Filminute is looking forward to discovering some back-to-back brilliant, narrative one-minute films.

Thursday, June 01, 2006

Ekow Eshun Interview, London UK

Ekow Eshun is the Artistic Director of the Institute of Contemporary Arts in London. He is a contributor to BBC2's Friday night arts programme Newsnight Review and a former editor of Arena magazine. Filminute is pleased to announce that Ekow Eshun will participate as a member of the inaugural jury for Filminute 2006.

What makes a great film?
"A great film will turn light into solid. Film is intangible. It is not physical. But when we see a great film, a collection of flickering images turns into something real that lives inside people, stays with them, walks with them. With the greatest films, the random flickering images turn into myth.

Film is the most important art form of the modern era because it brings new beliefs along with it. While we may venerate film stars and the glamour of the film industry, beyond that we also take films into our body and into our world of understanding of hope, faith and belief.

For example, in any random order, let's say from King Kong to The Seventh Seal to Star Wars: with each of these films come new ways of understanding and experiencing the world. We change and expand because of these films in terms of our understanding of spirituality, war, death, love. An image, a set of ideas and ideals comes with a great film."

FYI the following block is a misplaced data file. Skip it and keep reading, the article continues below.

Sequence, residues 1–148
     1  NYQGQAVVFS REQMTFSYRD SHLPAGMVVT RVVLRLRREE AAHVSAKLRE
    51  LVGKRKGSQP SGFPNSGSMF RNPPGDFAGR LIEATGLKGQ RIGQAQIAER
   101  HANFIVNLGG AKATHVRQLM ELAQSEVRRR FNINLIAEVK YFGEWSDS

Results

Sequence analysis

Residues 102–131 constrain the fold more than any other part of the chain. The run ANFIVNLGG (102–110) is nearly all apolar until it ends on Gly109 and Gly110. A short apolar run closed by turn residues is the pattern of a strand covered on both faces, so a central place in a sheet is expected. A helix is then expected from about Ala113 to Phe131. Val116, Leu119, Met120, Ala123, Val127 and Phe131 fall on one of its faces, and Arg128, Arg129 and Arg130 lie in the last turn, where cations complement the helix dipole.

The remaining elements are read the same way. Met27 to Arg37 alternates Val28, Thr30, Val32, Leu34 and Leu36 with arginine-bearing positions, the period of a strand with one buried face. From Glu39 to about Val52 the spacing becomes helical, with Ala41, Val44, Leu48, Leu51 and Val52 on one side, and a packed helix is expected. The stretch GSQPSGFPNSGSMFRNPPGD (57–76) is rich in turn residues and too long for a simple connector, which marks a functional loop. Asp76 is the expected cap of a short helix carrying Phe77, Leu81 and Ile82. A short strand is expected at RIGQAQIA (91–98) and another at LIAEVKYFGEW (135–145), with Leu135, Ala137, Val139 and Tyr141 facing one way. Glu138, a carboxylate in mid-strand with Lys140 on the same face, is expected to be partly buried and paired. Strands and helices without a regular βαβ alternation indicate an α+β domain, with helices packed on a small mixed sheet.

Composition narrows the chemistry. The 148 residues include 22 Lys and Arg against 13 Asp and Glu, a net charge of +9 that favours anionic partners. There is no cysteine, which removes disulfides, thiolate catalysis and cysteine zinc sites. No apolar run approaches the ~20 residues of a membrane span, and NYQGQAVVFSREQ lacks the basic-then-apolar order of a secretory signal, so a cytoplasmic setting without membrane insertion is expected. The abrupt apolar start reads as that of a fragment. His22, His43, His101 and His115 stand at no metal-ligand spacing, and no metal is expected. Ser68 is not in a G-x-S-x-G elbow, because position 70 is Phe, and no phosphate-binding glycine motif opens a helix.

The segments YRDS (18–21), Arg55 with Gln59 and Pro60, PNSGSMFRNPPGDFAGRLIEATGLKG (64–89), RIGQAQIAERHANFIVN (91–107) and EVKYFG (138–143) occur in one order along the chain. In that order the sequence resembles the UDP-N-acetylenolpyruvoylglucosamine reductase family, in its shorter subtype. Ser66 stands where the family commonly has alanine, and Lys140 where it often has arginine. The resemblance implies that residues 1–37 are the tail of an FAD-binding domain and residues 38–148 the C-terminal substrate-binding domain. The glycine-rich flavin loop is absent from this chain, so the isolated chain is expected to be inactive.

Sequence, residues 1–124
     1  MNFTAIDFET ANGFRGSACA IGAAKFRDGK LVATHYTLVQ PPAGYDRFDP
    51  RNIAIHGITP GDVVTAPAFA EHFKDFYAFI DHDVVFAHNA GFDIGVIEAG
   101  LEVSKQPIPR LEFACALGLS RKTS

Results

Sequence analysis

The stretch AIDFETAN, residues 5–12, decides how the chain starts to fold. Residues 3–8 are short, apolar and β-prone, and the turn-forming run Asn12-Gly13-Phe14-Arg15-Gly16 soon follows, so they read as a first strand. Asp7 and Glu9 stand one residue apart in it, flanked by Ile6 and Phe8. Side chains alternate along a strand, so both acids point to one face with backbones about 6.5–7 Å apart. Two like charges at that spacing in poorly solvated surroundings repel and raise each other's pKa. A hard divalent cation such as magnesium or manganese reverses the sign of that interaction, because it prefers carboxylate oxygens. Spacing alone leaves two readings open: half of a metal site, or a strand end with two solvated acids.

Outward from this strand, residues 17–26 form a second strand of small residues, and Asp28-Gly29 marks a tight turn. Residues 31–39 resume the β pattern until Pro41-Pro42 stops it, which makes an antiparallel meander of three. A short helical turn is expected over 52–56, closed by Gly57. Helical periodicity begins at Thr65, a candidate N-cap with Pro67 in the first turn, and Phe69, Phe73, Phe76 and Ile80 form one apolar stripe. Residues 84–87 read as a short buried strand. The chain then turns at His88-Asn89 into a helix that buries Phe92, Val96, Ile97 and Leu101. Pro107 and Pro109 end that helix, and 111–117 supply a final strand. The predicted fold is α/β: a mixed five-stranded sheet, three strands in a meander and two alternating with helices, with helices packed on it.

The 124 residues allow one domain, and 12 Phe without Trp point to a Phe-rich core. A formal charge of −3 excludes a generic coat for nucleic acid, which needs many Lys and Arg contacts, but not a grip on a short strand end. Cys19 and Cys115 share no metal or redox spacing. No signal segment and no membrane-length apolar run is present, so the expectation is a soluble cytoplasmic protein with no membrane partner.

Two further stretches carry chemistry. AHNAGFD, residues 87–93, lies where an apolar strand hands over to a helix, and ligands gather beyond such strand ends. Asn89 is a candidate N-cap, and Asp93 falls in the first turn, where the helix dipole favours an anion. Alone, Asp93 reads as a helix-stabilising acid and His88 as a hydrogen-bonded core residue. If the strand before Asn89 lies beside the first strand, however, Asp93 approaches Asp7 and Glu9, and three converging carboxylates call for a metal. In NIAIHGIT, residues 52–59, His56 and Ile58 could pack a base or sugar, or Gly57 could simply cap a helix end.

What makes a great one-minute film?
"A great one-minute film will last longer than a minute! Sometimes in a full-length film, you'll get one scene that resonates beyond the length of the full film. The one-minute film is the reverse of that; in one minute, a great one-minute film will capture an idea that stays with you far beyond one-minute.

The one-minute film is like a stained glass window: in one frame, in that one shot, you get the world."

As the Artistic Director of the Institute of Contemporary Arts, and as a long-standing commentator on contemporary culture, what strikes you about Filminute?
"Filminute catches up with the pace of the world.

Most new initiatives tend to replicate what was. For instance, we see festival after festival starting up and they all tend to be repeating themselves. Here (with Filminute), we are acknowledging the way people communicate and entertain themselves -- it has changed. Filminute is keeping up with that change. It is not trying to replicate the past. Filminute's form tries to make sense of the present."

Monday, April 03, 2006

The Launch

FILMINUTE® is an international one-minute film festival and competition that takes place in September 2006.

In March 2006, Filminute launched with a Call for Entry sent to creative individuals and communities in over 50 countries, ranging from filmmakers, writers, designers, and producers, to new media, animation and fine artists.

We are looking for people to make unusually good one-minute films, creative individuals and groups who will come at short form narratives, documentaries, animations and fan film mashups in uniquely interesting and engaging ways.

The launch site presents an overview of:
  • the Filminute festival and competition,
  • the categories up for contention,
  • and 3 demonstration one-minute films from the portfolio of Head Gear Animation.
What makes a great film? What makes a great one-minute film?
www.filminute.com // make every moment count